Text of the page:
Thursday, May 10, 2018

What's In a Name?

Janice L. Dick | @JaniceDick54

Recently, I came across a Facebook post from a friend of mine. She wrote: (names have been changed) My name is Lorianne, not Lorraine. There were a couple more additions from readers: My name is Caroline, not Carolyn. My name is Wayne, not Dwayne. I added my own: My name is Janice, not Janet. (I have a dear friend and a cousin named Janet, but that is not my name.) 

As a writer, I try to choose the perfect names for my characters. We all have preconceived ideas of names due to people in our lives or our past, so we won’t please everyone, but we need to try to find just the right fit in a name. 

One unwritten rule I’ve tried to follow is to not use two names that sound or look too similar. For instance, Ben and Bob. Or Jill and Jen. It confuses the reader, and there are lots of names to choose from, so we can branch out. 

I recently read a cozy mystery (Capital Obsessionby Emily James) where one of the main characters is named Ahanti. Her detective friend knows the name means “gift,” which proves to be a clue to the mystery.  

Names are important. Some are strong (Thor!), some are sweet (Bessie). Some names suit certain genres or historical times (Phoebe, Penelope, Cassandra), or languages/cultures (Dietrich, Bjorn). Some names are timeless (Michael, Elizabeth, Katherine, Thomas). I often go to name lists on the internet for my ethnic characters. Reading down a list can offer fresh and credible options.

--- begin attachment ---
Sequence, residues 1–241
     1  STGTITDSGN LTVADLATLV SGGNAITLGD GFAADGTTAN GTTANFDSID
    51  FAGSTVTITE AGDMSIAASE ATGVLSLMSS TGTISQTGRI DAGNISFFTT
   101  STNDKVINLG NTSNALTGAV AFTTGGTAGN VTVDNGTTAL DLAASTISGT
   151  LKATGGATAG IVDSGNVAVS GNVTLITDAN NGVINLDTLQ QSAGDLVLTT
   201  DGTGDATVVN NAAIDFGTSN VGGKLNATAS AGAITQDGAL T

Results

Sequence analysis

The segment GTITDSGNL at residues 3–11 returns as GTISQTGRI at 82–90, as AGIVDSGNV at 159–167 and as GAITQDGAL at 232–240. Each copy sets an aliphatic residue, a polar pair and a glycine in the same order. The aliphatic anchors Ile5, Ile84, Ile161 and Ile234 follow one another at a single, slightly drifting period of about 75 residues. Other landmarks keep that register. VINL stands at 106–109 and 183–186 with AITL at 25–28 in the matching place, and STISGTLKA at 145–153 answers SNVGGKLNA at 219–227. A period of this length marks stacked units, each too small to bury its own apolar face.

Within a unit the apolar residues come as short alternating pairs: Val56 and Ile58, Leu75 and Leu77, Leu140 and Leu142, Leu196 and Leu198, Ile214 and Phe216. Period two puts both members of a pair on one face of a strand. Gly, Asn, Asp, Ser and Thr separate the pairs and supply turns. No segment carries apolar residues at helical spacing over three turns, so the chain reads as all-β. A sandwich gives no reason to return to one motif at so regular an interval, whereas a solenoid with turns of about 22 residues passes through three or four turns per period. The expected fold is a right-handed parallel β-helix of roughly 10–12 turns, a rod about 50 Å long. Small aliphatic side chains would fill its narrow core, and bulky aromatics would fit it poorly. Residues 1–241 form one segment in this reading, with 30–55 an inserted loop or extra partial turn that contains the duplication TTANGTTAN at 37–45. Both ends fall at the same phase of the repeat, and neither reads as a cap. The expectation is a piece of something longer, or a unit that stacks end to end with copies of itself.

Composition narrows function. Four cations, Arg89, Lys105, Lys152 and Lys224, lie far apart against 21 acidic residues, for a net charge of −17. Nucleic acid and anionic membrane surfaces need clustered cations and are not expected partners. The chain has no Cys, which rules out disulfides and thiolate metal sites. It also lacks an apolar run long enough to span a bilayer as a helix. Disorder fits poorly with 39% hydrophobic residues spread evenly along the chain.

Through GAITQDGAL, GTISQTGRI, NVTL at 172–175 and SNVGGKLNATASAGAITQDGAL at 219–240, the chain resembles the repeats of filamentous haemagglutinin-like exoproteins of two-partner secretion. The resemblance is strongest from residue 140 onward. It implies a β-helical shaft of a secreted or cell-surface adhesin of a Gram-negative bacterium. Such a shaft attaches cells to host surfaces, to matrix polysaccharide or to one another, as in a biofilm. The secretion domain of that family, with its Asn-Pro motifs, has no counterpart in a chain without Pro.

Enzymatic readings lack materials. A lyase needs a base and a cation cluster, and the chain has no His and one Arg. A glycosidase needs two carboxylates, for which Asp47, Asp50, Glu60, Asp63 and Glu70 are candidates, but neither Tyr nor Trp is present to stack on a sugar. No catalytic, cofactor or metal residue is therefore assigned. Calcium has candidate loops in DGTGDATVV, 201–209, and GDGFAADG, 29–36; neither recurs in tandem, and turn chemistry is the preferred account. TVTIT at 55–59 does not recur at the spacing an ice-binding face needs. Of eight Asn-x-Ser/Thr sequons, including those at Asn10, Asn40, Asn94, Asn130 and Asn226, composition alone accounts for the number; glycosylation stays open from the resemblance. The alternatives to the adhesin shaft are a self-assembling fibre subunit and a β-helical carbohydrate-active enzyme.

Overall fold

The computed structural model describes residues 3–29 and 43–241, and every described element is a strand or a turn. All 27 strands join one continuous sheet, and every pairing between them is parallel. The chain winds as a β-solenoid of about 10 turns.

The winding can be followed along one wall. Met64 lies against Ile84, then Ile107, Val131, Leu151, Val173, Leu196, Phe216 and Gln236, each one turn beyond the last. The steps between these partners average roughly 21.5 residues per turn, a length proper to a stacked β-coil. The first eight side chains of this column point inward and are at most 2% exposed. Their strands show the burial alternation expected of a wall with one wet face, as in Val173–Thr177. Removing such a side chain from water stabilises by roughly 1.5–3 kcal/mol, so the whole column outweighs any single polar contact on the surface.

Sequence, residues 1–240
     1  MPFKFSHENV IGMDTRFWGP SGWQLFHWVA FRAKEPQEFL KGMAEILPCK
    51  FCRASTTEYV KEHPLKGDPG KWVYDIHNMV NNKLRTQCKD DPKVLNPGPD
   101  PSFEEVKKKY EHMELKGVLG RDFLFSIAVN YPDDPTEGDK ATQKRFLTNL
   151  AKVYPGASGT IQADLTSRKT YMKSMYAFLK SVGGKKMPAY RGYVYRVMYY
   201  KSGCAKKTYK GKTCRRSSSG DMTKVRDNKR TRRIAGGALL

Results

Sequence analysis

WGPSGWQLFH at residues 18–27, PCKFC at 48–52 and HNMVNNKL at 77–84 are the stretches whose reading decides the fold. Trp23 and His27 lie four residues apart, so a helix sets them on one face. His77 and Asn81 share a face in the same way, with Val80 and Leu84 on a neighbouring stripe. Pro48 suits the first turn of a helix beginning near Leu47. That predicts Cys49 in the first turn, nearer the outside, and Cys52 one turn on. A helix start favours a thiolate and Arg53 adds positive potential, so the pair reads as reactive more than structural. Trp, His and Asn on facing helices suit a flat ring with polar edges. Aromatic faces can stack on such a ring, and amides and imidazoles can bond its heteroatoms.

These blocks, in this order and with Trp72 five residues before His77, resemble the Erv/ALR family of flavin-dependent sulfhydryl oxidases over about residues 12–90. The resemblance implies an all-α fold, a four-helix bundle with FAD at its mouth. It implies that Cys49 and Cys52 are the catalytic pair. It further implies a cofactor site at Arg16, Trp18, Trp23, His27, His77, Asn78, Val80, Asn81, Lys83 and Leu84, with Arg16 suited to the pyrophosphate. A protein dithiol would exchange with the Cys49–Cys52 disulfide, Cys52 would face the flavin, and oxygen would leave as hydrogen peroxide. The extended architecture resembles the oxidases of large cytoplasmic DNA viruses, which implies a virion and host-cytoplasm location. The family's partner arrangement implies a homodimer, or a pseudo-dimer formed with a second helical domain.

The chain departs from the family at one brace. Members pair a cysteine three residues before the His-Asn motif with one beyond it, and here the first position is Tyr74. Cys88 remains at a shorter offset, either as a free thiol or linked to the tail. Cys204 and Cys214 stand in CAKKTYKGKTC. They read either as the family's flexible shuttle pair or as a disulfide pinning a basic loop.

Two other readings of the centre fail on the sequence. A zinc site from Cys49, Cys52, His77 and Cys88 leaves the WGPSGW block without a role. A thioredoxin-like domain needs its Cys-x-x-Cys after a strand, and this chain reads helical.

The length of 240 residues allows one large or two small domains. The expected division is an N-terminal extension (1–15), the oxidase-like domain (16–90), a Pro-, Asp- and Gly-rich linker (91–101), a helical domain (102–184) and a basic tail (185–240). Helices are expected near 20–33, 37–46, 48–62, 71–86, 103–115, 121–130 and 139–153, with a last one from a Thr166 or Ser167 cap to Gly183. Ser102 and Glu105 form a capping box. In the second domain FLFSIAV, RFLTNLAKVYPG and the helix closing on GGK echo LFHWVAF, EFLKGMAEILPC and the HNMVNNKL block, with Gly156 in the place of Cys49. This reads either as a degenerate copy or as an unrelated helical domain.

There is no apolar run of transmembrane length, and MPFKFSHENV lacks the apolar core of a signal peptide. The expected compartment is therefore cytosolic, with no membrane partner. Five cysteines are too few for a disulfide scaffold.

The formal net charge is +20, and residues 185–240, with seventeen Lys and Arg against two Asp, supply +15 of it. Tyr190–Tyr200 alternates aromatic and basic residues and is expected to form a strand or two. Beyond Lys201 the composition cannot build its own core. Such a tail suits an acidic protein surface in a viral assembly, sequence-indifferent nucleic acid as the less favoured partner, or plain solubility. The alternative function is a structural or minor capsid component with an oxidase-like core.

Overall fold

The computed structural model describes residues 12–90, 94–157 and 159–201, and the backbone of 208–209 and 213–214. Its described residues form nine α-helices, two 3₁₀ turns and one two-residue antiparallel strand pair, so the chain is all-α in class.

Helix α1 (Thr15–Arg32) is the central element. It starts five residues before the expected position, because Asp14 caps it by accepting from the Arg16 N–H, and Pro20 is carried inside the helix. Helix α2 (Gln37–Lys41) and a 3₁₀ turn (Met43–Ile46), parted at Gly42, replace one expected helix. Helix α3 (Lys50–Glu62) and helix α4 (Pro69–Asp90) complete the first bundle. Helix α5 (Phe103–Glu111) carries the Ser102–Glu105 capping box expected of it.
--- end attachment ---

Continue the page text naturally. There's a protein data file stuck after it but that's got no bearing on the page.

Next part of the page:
Every once in a while, I goof. For the first book in my current series, I choose the name Magdalena for one of my motherly characters. Her friends called her Magda. I also had someone I considered to be an insignificant young woman whom I had named Manya after a favorite aunt. It was all fine until the third book when Manya became very significant, and the names were much too similar. One option was to kill off Magda, but that felt somewhat petty. I decided to call her Magdalena as often as possible and trust my readers to sort out the rest. One of the challenges of writing a series.

As you can see, names are as important in fiction as they are in life. They help build pictures in our minds of who the characters are. We try to choose carefully to suit the genre, the style, the personality, the time period and ethnicity of our characters, because names set us apart from others. 

My name is Janice, not Janet. 
What’s yours?

Janice L. Dick is an award-winning author who writes from her rural home in Saskatchewan, Canada. She writes contemporary and historical fiction, blogs, book reviews, and inspirational articles. In September 2016, Janice became the first recipient of the prestigious Janette Oke award, presented by the InScribe Christian Writers’ Fellowship.

In 2016 Janice established her indie imprint: Tansy & Thistle Press: faith, fiction, forum, and has since released two more historical novels. Find out more at...

1 comment:

  1. Good points, Janice. It drives me crazy when an author gives several characters names starting with the same letter--especially when I'm reading on my Kindle and it's harder to look back. Not that I've never done that very thing myself, of course.